The Islamic terrorism reference article from the English Wikipedia on 24-Jul-2004
(provided by Fixed Reference: snapshots of Wikipedia from

Islamic terrorism

Watch videos on African life
This article is part of the
Terrorism series:
Definition of terrorism>Definition & Conventions
Counter-terrorism>Counterterrorism &
"War on Terror" and its criticisms
Lists: List of terrorist groups>Groups, State sponsors,
Guerrillas, Incidents,
Most wanted
Types: Nationalist terrorism>Nationalist, Religious,
Left-wing, Right-wing,
State, Islamic, Ethnic,
Bioterrorism, Narcoterrorism,
Domestic, Nuclear,
Tactics: Aircraft hijacking>Hijacking,
Suicide bomber
Configurations: Terrorist front organization>Fronts,
Independent actors
Other: Terrorism insurance
Edit this template

Islamic terrorism is a contentious term; many Muslims, particularly those supporting liberal movements within Islam do not accept that attacks on civilians can ever be justified by religion. From this perspective, this term is seen as a slur on Islam. Nonetheless, the term is commonly used by Western media to describe the activity of a wide variety of groups. In that these groups are both composed of Muslims and attacking civilians (and are thus engaging in terrorism), "Islamic terrorism" becomes a useful description.

The members of such groups are more likely to see themselves as freedom fighters rather than terrorists, as the political origins of such groups in Israel/Palestine, Soviet-occupied Afghanistan, Chechnya and most recently post-Saddam Iraq are often rooted in political demands for statehood and nationalist self-determination.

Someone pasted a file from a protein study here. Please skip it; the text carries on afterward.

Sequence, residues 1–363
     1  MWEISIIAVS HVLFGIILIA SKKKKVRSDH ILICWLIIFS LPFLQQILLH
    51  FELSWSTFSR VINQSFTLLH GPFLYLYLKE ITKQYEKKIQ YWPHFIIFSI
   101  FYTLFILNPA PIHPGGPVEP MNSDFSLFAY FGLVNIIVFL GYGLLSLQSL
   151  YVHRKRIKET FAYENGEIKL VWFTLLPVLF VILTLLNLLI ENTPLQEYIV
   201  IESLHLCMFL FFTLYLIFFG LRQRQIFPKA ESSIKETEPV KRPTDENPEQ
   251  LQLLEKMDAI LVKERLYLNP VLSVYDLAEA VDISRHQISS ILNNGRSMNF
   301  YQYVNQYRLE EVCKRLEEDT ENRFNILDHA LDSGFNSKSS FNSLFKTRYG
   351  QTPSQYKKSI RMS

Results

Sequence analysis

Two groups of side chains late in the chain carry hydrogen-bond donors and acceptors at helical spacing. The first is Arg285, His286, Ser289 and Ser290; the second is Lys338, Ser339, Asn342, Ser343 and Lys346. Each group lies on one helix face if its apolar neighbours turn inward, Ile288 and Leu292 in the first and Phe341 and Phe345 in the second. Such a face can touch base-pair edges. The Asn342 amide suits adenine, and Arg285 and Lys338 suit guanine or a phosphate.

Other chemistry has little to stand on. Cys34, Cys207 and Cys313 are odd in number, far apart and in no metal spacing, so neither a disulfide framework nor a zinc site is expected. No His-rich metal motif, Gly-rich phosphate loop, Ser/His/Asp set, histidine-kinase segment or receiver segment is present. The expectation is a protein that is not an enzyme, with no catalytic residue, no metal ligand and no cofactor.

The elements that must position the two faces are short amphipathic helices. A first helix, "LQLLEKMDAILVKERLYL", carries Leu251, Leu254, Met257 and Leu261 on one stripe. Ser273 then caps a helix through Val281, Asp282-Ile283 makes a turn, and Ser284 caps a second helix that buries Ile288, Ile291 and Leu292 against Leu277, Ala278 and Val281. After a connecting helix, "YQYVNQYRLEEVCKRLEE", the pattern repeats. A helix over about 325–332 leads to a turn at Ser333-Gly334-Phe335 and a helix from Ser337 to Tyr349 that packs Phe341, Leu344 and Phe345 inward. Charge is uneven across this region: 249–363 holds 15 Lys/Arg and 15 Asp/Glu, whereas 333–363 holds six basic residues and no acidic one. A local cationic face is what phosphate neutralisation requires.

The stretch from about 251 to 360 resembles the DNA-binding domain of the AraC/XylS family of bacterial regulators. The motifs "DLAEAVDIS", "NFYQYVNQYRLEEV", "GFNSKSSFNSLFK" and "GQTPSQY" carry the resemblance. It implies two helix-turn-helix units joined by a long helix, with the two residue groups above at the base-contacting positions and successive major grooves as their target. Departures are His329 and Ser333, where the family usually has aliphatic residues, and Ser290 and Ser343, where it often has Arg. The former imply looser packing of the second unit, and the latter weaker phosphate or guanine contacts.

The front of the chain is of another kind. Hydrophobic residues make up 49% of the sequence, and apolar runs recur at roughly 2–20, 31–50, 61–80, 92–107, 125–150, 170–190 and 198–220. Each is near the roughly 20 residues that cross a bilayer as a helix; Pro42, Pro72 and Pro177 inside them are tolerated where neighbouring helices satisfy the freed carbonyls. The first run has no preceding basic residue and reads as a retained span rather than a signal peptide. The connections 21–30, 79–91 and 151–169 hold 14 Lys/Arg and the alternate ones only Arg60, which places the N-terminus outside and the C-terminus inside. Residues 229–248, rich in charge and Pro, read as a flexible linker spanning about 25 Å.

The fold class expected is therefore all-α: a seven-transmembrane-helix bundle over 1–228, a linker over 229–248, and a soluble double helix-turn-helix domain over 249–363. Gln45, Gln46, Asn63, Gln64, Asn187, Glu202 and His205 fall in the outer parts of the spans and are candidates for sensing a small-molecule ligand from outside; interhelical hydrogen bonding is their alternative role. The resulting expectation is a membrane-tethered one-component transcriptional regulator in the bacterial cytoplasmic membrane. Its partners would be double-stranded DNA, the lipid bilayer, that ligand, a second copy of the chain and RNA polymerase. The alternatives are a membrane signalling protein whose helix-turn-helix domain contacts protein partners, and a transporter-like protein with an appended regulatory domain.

The most international of these groups, Al-Qaida also has its origins in a particular nationalist struggle; namely, rebellion against the royal family of Saudi Arabia. The Saudi regime is perceived as being too closely associated with American foreign policy, particularly through its support of the US liberation of Kuwait during the first Gulf War. Since the Al-Qaida's ideology is one of pan-Islamic nationalism and solidarity, the Saudi regime was thereafter seen as insufficiently Islamic; although such a view is bewildering to Westerners, who cannot imagine anything more 'Islamic' than the country's Wahhabi brand of Islamic law. To Al-Qaida in particular, the world is viewed as a struggle as their Islamic ideology versus a secular Western ideology. These view of the world has ironically been strengthened by the War on Terror.

In the view of the terrorists involved, they are supporting or spreading Islam. Modern Islamic terrorist groups are often inspired by the Muslim Brotherhood. Some Islamic terrorists groups have employed suicide bombers, in spite of the comdemnation of suicide by Muslim religious authorities. These groups refer to suicide bomber attacks as martyrdom operationss and the suicides are characterized as shohada (plural of "shahid"). The nature, extent and support for Islamic terrorism among the general Muslim population is subject to considerable debate and disagreement among Westerners.

A medieval precedent of modern Islamic terrorism may have been the Hashshashin, a Islamic (Nizari) group from the Middle Ages that sent assassins against Crusader and Islamic rulers opposing them. Their lair was the Alamut fortress.


Table of contents
1 Islamic terrorist groups
2 See also
3 External links

Islamic terrorist groups

See also

External links